It is well established that exercise helps to preserve youth and protect the heart from aging, but it certainly isn’t the one protector out there. According to 3 different studies carried out by researchers from the University of Tsukuba in Japan, the spice turmeric may be just as effective as moderate exercise at preventing aging and boosting heart health.
For the first of the 3 randomized, double-blind, and placebo-controlled trials, researchers divided 32 postmenopausal women into 3 separate groups to examine the effects of curcumin and exercise on the heart. One group was given curcumin orally, the second group partook in moderate exercise training, and the third group did nothing at all. The study lasted 8 weeks.
After measuring participants’ vascular endothelial function – a key indicator of overall cardiovascular health – at the start and end of the study, they found that the control group saw no improvement while the curcumin group and exercise group saw equal, notable improvement. The study abstract concludes with:
“Our results indicated that curcumin ingestion and aerobic exercise training can increase flow-mediated dilation in postmenopausal women, suggesting that both can potentially improve the age-related decline in endothelial function.”
In the second of the 3 studies, researchers examined curcumin’s effects on another key measure in cardiovascular health known as arterial compliance. For the study, 32 women were split into 4 groups:
- One group (control) received a placebo pill
- Another received curcumin
- The third group engaged in an exercise routine while also taking a placebo pill
- And the fourth group exercised and supplemented with curcumin.
The control group saw no significant improvement, while both the exercise group and curcumin group saw equally significantly improvement. Groups exercising while also taking the supplements saw the greatest improvement.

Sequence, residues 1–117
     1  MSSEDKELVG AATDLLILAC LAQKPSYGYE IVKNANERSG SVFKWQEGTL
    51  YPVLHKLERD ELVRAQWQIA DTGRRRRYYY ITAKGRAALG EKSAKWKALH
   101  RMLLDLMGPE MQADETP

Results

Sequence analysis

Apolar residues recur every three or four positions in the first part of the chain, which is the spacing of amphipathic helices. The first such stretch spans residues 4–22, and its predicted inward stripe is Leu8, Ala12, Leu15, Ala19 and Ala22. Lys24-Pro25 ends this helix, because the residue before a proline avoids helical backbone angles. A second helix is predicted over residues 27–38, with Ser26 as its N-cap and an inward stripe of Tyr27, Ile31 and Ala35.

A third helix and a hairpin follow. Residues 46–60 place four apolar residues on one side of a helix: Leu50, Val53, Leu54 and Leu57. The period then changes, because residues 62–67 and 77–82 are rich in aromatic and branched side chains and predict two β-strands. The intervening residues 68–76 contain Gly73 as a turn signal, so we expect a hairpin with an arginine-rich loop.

Finally, researchers in the third study set out to test their hypothesis that curcumin and exercise “might lower the age-related increase in [the heart’s] left ventricular (LV) after load.” After assigning 45 individuals in the same four different groups used in the second study, the researchers found once again that exercise and curcumin supplementation produced significant increases in heart health.
“Regular ingestion of curcumin could be a preventive measure against cardiovascular disease in postmenopausal women. Furthermore, our results suggest that curcumin may be a potential alternative … for patients who are unable to exercise,” the University of Tsukuba team concluded.
Past research has also pointed out that turmeric is fantastic for strengthening the heart and staving off heart attacks in individuals who have had recent bypass surgery.
Are you taking advantage of the health benefits of turmeric?
14 thoughts on “Curcumin Matches Exercise in Slowing Aging, Protecting the Heart”
The results from taking Turmeric daily are incredible. It's definitely a small addition to your vitamin regimen that's worthwhile. It's also delish to cook with!!!
How do you know how much to take if you aren't adding it to food? Can you buy it in capsule form?
I just take a 800mg a couple of times a day. I've taken more. It doesn't bother me if I do take more than this dose (I'm 5'3, 120lbs). Check out this site http://www.puritan.com/?cm_re=TopNav-_-Link-_-PP_… it's where I get all of my vitamins.
Thank you SO much for this article. It is really helpful. I have read so many great things about tumeric and curcumin that I started taking it. This is wonderful icing on the cake. Ya'll at Natural Society do a fantastic job at giving us articles that are really helpful. Thank you very much and please keep up the great work!
This is a great article. I have extensive documentation, medical reports, clinical studies, direct knowledge of results from doctor testing and results from my own personal experience from using turmeric (curcumin) to support the claim that "Turmeric (curcumin) may have the most health benefits of any (single) natural herb on the planet".